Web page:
There has been alot of chatter about body shaming in the media these past couple of weeks.
It all started when personal trainer Ashy Bines took to her Instagram and posted this:
The woman on the right is Tess Holliday, a plus-size model who is famous for embracing her larger body type.
Ash went on to write that “thin women are shamed ALOT these days but females who are carrying more weight than what they should for their bodies…are now inspirations because they’re confident in a swim suit.”
Now I am not here to advocate or endorse obesity but I disagree strongly with the basis of her statement. See, I don’t think thin women are shamed alot for the way they look. In fact, it’s often quite the opposite.
As a society we still value the “thin” and “slim” ideal over any other body type. The “fat” body image has, paticularly in recent years, been scrutinised, judged and shamed in a way that thinness never has.
We’re bombarded with messages that we need to “battle the bulge” and “fight fat”. That “fat” is bad and “thin” is good. This fear of “fat” is undeniably contributing to the rise in eating disorders worldwide. We are so frightened of gaining weight we will do almost anything to avoid it.
You don’t have to scroll down far into the comments before you realise that most people are commenting on Tess Holliday. The commenters are quick to attack Tess’s lifestyle (which they know nothing about) and comment on the health issues she must be experiencing (which are also unproven).
One word pops up every few comments. And that word makes me sick to my stomach.
I don’t believe that it’s ever acceptable to call someone “fat.” Ever. Not if you’re a friend. Not if you’re a partner. Not if you’re a family member. Not even if you’re a doctor. Never, ever. Because what is using that word supposed to achieve?
Are you hoping to shame that person into “reality”? Are you hoping that your criticism will automatically shift their lifestyle or spark in them some resolve?
Do you think that by telling someone they’re “fat” they’ll thank you for caring so very much about their health?
Shame doesn’t work. Telling a person that they’re “fat” will not motivate them to change. It’s more likely to have the oppositive effect. It will encourage that person to withdraw more and more into themselves. To become more self-conscious and isolated.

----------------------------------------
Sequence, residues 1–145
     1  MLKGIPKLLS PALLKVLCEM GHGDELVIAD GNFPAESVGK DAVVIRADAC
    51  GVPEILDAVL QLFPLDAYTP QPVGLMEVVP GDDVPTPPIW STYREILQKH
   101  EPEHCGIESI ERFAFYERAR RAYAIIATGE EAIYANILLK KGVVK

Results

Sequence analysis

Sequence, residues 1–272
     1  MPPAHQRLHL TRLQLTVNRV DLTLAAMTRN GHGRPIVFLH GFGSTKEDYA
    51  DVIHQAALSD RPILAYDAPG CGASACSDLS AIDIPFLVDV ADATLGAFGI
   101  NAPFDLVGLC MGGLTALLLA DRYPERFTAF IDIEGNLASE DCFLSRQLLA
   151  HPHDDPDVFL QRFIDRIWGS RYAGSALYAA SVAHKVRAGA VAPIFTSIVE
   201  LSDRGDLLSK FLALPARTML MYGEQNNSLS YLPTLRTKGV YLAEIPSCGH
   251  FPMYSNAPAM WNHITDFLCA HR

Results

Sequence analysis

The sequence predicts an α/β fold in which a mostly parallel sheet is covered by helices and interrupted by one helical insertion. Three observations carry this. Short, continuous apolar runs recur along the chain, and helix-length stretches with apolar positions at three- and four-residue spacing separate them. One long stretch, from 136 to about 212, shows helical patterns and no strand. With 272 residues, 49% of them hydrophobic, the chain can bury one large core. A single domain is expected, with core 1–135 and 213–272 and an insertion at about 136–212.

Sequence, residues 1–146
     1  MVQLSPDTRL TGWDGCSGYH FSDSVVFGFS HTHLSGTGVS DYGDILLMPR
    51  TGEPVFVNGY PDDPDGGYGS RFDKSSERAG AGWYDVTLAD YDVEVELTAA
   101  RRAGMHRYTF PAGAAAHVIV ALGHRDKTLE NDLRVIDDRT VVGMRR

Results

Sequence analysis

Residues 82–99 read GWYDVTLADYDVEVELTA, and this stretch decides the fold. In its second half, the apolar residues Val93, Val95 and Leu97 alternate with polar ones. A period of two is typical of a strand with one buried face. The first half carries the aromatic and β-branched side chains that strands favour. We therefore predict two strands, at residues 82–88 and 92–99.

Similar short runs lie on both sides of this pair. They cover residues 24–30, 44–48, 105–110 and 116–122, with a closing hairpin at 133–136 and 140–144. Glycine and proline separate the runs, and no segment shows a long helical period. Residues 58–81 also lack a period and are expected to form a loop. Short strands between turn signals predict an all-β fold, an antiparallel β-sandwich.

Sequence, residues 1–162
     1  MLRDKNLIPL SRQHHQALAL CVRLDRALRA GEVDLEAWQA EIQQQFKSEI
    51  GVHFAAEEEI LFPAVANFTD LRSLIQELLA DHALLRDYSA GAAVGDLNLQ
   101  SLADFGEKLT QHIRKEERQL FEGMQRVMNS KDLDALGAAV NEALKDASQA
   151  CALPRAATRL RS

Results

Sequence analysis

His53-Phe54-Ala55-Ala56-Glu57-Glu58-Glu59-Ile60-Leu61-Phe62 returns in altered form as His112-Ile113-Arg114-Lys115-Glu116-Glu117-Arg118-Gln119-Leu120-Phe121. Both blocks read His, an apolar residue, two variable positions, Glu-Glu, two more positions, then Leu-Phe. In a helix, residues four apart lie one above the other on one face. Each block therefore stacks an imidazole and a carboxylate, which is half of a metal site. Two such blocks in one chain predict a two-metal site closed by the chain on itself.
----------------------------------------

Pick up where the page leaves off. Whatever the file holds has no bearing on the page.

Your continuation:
There is a huge difference between expressing your concern about someone’s health and criticising their weight. I don’t have a problem with respectfully telling someone close to you that you’re worried about their health. For example, my grandfather is a smoker and every time I see him I tell him that I’m scared he will get sick but I don’t ever shame him for doing so. It is his body and it is his right. Shaming him would impact our relationship and would certainly not contribute to any change.
I want to make it clear that I don’t condone body shaming of any form. If someone’s health is at risk you are well within your right to express your concern. But you are not within your right to impose your criticism and judgement on someone else.
I guess this issue hits pretty close to home because I’ve been on both sides of the fence. I’ve been on the “fat shaming” side and that led to years of distress, fear and discomfort. Without a doubt that contributed to me developing anxiety and depression. I’ve also been on the “thin shaming” side and it still hurts. It hurts to have your looks commented on in a negative way. In saying that, I can tell you which side of the fence was much more damaging.
There is one moment that is ingrained in my brain. I was in primary school. Just a kindy kid. I was in the playground, innocently running around the mulberry tree, when one of the girls we played with who was two years older called out to me, “Hey, WARTHOG.”
I will never forget the shame I felt in that moment.
I will never forget being in the first year of highschool and being told I had a “fat ass.”
You never know what damage you will do to someone when you say that word.